theirs, they esteem slavish and base; and the learn. ing on which we value ourselves, they regard as frivolous and useless. An instance of this occurred at the treaty of Lancaster, in Pennsyivania, anno 1744, between the government of Virginia and the Six Na. ions. After the principal business was settled, the commissioners from Virginia acquainted the Indians by 'a speech, that there was at Williaingburgh a col. lege, with a fund, for educating Indian youth; and is the chiefs of the Six Nations would send down half a dozen of their sons to that college, the government would take care they should be well provided for, and instructed in all the learning of the white people. It is one of the Indian rules of politeness not to answer a public proposition the same day that it is

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made: they think it would be treating it as a lig
matter, and that they show it respect by taking tin
tu consider it, as of a matter important. They ther
fore deferred their answer till the day following: wla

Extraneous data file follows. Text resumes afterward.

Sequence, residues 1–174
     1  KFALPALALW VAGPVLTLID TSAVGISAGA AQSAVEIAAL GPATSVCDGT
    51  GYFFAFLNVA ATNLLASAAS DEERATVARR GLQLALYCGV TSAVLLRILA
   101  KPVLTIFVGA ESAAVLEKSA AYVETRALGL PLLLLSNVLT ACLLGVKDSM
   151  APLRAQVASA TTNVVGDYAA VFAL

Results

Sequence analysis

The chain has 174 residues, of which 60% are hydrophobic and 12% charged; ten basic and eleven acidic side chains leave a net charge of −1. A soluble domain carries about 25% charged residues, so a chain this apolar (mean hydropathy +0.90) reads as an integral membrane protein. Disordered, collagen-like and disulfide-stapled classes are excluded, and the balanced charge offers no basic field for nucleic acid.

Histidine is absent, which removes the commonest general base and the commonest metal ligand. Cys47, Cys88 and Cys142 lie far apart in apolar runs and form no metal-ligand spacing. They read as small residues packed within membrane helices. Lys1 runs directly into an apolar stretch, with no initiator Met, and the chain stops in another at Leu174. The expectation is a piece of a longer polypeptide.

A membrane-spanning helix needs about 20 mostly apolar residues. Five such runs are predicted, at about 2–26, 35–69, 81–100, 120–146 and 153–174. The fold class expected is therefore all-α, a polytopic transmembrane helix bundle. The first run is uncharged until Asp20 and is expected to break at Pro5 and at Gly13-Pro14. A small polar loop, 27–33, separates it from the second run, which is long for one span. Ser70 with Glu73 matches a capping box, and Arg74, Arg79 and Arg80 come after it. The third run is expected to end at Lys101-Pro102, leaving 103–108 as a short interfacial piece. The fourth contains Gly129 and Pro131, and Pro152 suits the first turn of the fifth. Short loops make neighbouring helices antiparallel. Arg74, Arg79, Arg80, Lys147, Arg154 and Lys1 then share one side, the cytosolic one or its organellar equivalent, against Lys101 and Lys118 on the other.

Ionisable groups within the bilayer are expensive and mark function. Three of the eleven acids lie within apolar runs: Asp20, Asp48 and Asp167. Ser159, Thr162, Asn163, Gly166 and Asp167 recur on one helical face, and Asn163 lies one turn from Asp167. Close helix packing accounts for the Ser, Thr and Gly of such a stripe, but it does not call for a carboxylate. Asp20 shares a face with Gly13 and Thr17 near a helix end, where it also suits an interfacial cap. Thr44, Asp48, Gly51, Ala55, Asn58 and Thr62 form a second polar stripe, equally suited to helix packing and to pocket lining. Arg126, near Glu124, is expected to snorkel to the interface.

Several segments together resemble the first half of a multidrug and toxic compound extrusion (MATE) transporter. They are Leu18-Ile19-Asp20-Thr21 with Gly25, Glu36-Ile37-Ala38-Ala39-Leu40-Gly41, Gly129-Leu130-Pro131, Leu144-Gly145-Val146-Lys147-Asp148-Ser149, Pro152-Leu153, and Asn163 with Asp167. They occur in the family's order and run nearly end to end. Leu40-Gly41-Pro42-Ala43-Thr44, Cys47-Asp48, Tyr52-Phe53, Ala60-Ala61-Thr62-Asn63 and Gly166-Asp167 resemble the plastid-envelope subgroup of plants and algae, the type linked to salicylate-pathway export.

their speaker began by expressing their deep sengen
the kindness of the Virginia government, in maka
them that offer; “ for we know," says he, " that you
highly esteem the kind of leaming taught in thos
colleges, and that the maintenance of our young men
while with you would be very expensive to you. W
are convinced, therefore, that you mean to do v
good by your proposal ; and we thank you heartil
But you who are wise must krow, that different na
tions have different conceptions of things; and yo!
will therefore not take it amiss, if our ideas of the
kind of education happen not to be the same with
yours. We have had some experience of it ; severa
of our young people were formerly brought up at the
colleges of the northern provinces; they were in
structed in all your sciences; but when they can
back to us, they were bad runners; ignorant of ever!
means of pliving in the woods; unable to bear eitby

dec cold or hunger; knew neither how to build a cabin take a deer, or kill an enemy; spoke our language : "

upo mperfectly; were therefore neither fit for hunter 01 warriors, or counsellors: they were totally good by nothing. We are however not the less obliged by your kind offer, though we decline accepting of it, exp and to show our grateful sense of it if the gentlemen

of Virginia will send us a dozen of their sons, we , will take great care of their cducation, instruct them in all we know, and make men of them.